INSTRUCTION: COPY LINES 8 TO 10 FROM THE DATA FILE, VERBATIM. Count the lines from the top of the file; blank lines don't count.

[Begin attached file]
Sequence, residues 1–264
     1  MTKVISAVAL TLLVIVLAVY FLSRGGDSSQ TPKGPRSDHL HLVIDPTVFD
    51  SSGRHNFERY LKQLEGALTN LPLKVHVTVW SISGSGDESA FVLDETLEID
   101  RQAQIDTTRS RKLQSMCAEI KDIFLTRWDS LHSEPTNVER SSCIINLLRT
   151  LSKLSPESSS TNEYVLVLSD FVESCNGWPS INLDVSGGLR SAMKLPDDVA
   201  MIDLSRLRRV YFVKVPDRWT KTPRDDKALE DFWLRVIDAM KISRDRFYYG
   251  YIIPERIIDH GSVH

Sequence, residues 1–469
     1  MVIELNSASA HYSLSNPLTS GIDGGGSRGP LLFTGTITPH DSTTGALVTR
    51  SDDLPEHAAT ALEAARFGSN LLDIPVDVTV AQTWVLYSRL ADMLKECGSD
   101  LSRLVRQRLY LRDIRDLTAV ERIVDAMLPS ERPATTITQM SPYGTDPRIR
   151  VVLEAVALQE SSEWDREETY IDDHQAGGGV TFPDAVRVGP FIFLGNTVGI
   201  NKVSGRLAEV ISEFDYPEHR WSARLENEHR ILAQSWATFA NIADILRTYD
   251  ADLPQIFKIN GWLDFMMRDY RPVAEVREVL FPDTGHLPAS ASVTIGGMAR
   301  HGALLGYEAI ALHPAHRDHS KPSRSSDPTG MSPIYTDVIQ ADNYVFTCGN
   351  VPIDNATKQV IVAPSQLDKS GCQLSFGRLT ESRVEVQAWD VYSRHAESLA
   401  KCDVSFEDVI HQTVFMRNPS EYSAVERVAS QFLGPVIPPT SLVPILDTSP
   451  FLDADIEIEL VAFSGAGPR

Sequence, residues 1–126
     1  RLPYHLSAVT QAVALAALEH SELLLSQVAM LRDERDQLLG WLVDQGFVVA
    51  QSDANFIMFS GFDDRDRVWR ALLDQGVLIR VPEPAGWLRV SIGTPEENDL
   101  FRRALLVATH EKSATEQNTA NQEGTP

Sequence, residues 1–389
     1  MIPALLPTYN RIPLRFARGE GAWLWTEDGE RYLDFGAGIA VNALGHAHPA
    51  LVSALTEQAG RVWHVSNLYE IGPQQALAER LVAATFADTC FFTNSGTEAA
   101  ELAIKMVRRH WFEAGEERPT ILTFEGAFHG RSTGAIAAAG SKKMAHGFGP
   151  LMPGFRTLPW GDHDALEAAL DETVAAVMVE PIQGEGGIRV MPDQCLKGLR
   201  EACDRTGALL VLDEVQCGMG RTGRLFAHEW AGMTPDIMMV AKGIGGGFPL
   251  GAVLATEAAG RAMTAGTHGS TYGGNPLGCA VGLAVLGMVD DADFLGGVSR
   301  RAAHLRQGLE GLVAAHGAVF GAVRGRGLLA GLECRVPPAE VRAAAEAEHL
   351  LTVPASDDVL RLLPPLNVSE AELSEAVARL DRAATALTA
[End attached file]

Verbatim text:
Sequence, residues 1–469
     1  MVIELNSASA HYSLSNPLTS GIDGGGSRGP LLFTGTITPH DSTTGALVTR
    51  SDDLPEHAAT ALEAARFGSN LLDIPVDVTV AQTWVLYSRL ADMLKECGSD